In that game, Suh had 4 total tackles, including 2 for loss. Every stop he made was solo. He also added 4 QB hurries.
Iowa State 9, Nebraska 7
The Cyclones notched only 239 yards of total offense, but won the game due to 8 turnovers for the Nebraska offense. The Cyclones' scoring drives covered 4 and 83 total yards. Without a 4-yard scoring drive for the opponent, Nebraska wins this game. If Nebraska doesn't fumble the ball on the opponent's 38-, GOAL-, GOAL-, and 5-yard lines (yes, they fumbled into the endzone twice, and another time in the redzone), or even throw picks on three possessions, including one in the red zone, the Huskers should have run away with this game. It is CLEARLY Suh's fault that Nebraska lost.
In that game, Suh had 8 total tackles, including a solo sack for a 6-yard loss. He also hurried the quarterback 3 times, and blocked 2 FUCKING KICKS IN ONE GAME.
Texas 13, Nebraska 12
This game was like, 3 days ago, so it should be fresh in all of our minds. Texas gained 202 yards, by far their season-low offensive output. But for an unfortunate kick out of bounds and a horse collar penalty on the final Texas drive, Nebraska would have knocked the Longhorns out of the National Championship discussion. This is clearly not what Rittenberg meant by performing against top competition.
In that game, Suh had 12 total tackles (10 of them solo). He made 4 solo tackles for a loss and assisted on 2 others, for a total of 22 yards. He made 4 solo sacks and assisted on another, for a loss of 21 yards.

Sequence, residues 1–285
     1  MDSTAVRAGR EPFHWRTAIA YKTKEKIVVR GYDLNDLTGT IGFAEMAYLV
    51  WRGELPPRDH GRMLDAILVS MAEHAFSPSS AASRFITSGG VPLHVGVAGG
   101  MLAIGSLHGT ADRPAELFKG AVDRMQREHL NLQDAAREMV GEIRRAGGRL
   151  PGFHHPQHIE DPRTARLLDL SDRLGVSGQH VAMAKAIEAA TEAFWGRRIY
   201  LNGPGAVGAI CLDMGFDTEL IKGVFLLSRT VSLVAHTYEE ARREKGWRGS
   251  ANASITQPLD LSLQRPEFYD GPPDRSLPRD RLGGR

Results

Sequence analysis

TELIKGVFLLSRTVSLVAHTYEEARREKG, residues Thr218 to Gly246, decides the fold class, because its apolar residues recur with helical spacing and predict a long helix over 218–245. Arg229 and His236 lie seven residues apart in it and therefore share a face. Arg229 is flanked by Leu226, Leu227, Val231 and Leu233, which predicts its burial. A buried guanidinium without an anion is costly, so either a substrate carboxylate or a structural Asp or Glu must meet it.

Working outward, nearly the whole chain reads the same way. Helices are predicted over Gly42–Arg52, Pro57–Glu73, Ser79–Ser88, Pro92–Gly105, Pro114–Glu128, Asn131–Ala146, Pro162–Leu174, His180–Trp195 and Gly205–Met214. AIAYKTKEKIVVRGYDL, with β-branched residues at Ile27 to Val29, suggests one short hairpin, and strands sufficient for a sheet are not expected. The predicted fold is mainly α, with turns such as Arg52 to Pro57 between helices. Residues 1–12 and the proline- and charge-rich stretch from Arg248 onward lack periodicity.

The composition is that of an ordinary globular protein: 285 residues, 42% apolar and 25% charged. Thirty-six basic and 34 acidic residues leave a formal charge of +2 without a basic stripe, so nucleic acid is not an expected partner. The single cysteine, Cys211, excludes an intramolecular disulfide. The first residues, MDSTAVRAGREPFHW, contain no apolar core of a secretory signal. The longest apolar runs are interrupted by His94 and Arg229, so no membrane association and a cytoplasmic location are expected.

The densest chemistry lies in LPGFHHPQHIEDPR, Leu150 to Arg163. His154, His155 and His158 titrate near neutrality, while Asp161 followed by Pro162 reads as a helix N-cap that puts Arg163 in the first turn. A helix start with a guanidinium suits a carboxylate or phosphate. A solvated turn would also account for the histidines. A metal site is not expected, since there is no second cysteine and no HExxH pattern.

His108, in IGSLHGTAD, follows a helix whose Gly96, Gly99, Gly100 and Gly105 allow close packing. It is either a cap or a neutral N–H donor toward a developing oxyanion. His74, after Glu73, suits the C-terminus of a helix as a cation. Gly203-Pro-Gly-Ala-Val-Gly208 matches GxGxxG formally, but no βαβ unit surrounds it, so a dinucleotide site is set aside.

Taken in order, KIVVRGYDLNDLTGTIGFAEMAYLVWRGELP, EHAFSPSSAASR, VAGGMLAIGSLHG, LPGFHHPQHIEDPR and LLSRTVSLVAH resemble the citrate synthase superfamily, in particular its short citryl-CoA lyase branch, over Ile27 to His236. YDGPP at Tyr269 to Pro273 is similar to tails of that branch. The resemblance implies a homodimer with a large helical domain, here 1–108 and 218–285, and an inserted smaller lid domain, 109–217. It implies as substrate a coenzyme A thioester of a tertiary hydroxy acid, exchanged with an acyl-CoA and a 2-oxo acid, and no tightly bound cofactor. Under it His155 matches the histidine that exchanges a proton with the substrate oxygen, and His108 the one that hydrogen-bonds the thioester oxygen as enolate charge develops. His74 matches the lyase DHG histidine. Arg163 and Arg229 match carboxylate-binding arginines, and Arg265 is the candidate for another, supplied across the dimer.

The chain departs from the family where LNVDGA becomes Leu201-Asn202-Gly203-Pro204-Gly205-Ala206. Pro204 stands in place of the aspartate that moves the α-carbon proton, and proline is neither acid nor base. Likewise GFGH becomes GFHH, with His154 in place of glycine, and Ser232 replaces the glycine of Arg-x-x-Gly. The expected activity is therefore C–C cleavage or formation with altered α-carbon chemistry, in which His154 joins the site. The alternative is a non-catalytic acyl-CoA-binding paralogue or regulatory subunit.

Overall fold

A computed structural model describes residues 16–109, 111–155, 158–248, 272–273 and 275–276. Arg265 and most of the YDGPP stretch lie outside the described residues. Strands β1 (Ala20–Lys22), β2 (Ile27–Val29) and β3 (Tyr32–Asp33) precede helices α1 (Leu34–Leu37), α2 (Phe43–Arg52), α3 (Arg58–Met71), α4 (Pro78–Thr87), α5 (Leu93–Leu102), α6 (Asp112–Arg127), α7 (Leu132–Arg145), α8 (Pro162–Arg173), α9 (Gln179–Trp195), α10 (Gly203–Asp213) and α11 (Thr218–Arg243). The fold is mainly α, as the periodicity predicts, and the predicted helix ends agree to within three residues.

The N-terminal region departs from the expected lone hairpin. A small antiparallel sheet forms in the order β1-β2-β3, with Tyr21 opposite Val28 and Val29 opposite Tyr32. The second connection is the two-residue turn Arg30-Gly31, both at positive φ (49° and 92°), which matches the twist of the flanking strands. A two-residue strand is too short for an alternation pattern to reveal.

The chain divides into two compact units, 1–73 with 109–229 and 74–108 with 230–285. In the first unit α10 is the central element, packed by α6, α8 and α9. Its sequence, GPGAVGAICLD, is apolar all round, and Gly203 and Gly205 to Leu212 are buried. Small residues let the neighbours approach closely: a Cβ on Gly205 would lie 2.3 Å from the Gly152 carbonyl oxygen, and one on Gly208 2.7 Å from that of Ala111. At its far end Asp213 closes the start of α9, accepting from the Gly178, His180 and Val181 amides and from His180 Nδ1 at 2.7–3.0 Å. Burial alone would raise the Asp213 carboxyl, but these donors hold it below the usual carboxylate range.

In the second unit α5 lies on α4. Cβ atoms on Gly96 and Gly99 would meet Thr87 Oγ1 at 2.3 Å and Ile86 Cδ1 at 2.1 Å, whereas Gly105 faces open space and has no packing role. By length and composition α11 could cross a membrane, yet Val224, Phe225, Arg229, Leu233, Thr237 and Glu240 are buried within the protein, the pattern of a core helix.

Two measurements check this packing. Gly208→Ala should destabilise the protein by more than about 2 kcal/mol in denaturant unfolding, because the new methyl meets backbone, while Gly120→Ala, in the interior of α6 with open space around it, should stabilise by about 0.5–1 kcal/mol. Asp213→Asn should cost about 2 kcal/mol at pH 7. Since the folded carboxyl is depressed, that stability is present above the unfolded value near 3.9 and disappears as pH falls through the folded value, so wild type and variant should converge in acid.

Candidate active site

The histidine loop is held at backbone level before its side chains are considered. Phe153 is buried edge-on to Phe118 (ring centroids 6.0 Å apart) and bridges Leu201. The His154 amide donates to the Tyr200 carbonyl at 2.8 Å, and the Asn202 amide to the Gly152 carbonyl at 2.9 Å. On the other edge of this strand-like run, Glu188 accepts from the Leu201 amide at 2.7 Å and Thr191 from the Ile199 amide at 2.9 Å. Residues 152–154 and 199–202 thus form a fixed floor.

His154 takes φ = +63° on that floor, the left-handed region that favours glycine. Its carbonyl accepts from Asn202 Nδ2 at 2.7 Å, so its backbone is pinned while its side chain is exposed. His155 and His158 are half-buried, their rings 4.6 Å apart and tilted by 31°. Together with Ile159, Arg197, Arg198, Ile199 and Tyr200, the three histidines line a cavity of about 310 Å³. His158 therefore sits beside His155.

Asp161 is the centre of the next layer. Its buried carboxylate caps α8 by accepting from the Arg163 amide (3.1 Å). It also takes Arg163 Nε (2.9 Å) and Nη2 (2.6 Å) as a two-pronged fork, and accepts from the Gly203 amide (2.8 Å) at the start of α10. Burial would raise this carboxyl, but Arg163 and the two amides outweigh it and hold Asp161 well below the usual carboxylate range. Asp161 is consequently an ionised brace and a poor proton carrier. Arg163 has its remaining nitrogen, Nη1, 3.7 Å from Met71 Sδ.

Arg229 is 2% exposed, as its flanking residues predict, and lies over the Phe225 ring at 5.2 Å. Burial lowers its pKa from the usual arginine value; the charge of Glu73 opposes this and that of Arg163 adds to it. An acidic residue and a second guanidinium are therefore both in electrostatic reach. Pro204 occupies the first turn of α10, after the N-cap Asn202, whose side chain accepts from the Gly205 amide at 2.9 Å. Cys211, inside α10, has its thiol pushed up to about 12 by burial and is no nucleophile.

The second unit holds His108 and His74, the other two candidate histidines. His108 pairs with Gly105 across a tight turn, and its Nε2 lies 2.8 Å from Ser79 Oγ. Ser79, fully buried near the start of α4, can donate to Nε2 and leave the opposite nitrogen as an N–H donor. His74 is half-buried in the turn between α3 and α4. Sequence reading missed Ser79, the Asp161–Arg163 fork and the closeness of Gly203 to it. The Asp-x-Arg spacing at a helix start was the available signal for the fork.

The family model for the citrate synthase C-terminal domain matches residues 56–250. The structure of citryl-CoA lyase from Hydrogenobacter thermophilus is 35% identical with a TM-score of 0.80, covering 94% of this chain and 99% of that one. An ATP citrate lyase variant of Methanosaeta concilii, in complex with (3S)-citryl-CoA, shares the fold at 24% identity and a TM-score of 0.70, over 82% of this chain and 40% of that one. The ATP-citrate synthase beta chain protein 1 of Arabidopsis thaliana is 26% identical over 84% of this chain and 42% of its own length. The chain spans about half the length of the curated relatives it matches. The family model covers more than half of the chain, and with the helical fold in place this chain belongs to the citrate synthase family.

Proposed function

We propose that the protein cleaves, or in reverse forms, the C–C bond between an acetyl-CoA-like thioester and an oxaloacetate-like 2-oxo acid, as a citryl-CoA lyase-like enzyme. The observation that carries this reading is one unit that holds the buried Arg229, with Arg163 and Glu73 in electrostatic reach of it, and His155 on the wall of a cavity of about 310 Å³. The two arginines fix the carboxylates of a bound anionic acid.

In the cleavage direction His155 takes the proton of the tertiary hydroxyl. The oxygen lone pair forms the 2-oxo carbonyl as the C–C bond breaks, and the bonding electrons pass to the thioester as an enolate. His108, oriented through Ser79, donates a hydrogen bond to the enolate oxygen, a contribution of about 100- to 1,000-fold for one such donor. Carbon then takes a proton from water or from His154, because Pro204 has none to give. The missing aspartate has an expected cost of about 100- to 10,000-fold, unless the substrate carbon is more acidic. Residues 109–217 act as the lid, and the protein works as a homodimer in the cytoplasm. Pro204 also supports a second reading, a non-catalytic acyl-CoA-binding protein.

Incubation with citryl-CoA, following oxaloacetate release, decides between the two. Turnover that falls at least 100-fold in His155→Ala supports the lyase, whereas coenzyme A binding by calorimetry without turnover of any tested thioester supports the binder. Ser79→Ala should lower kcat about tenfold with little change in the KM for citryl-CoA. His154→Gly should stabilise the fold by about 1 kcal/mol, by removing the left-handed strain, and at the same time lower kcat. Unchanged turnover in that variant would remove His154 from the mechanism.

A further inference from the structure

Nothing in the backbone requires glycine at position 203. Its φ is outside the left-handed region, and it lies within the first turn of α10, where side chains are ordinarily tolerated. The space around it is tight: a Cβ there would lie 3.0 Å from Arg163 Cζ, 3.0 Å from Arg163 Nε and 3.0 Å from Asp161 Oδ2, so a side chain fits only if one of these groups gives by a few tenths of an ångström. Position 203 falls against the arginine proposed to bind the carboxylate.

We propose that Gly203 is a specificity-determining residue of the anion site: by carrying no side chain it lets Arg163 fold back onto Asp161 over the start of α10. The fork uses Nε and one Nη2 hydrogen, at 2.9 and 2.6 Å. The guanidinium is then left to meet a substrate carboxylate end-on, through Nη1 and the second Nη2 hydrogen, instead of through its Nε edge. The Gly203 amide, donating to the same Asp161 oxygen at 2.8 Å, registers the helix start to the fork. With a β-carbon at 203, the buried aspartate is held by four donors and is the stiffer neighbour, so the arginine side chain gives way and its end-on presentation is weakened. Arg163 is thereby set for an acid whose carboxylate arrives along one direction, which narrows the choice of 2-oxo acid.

The Whole Package
For the year, Suh made 50 solo tackles and 82 total tackles, leading the team. He is a defensive tackle. He led the team in total tackles. He plays on the interior of the defensive line. I will keep repeating this until it gets in Adam Rittenberg's unintelligent little brain. He made 19.5 tackles for loss (tied for 14th in the nation), and 12 total sacks (9th in the nation). He made an interception. He defended 10 passes (from the defensive tackle spot, people!), forced a fumble, hurried the quarterback 21 times(!), and blocked 3 kicks. None of Nebraska's losses, except maaaybe the Texas Tech game, can be attributed to some deficiency by the Huskers' defense that Suh could have prevented.
He obviously did this against inferior competition, as well. Let's look at Nebraska's opponents this year:
- Florida International: #22 nationally in total offense (held to 3 points)
- Arkansas State: #95 nationally in total offense
- Virginia Tech: #55 nationally in total offense
- Louisiana-Lafayette: #74 nationally in total offense
- Missouri: #32 nationally in total offense (held to 12 points)
- Texas Tech: #7 nationally in total offense
- Iowa State: #75 nationally in total offense
- Baylor: #86 nationally in total offense
- Oklahoma: #28 nationally in total offense (held to 3 points)
- Kansas: #26 nationally in total offense (held to 17 points)
- Kansas State: #86 nationally in total offense
- Colorado: #105 nationally in total offense
- Texas: #20 nationally in total offense (held to 13 points)
Nebraska's defense was #11 nationally against the run, #3 nationally in pass efficiency, #9 in total defense, and #2 in scoring defense. Suh was its unquestioned star. If you wonder about his role in the #3 pass defense, remember his 10 PBUs, 12 sacks, and 21 QB hurries.
What does a guy have to do to earn the Heisman defensively, Rittenberg? And why do you make an argument ("production against top competition") that is the EXACT OPPOSITE of what the truth is?
last, and most importantly, his name is HOUSE OF MOTHERFUCKING SPEARS.